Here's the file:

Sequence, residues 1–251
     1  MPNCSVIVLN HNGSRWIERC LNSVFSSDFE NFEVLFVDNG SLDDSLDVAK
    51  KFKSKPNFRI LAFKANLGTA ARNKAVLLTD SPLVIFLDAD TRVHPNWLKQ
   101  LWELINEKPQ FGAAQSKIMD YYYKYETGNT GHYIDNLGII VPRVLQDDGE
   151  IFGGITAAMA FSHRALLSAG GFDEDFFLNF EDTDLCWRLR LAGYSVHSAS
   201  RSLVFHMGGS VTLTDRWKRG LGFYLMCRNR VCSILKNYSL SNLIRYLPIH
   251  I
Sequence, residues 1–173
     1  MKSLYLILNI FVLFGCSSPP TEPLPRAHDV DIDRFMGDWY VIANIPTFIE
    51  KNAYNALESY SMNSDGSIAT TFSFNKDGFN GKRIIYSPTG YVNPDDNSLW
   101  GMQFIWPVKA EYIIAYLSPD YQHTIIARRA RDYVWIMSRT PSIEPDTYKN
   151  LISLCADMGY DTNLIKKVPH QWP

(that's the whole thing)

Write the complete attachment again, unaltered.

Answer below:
Sequence, residues 1–251
     1  MPNCSVIVLN HNGSRWIERC LNSVFSSDFE NFEVLFVDNG SLDDSLDVAK
    51  KFKSKPNFRI LAFKANLGTA ARNKAVLLTD SPLVIFLDAD TRVHPNWLKQ
   101  LWELINEKPQ FGAAQSKIMD YYYKYETGNT GHYIDNLGII VPRVLQDDGE
   151  IFGGITAAMA FSHRALLSAG GFDEDFFLNF EDTDLCWRLR LAGYSVHSAS
   201  RSLVFHMGGS VTLTDRWKRG LGFYLMCRNR VCSILKNYSL SNLIRYLPIH
   251  I
Sequence, residues 1–173
     1  MKSLYLILNI FVLFGCSSPP TEPLPRAHDV DIDRFMGDWY VIANIPTFIE
    51  KNAYNALESY SMNSDGSIAT TFSFNKDGFN GKRIIYSPTG YVNPDDNSLW
   101  GMQFIWPVKA EYIIAYLSPD YQHTIIARRA RDYVWIMSRT PSIEPDTYKN
   151  LISLCADMGY DTNLIKKVPH QWP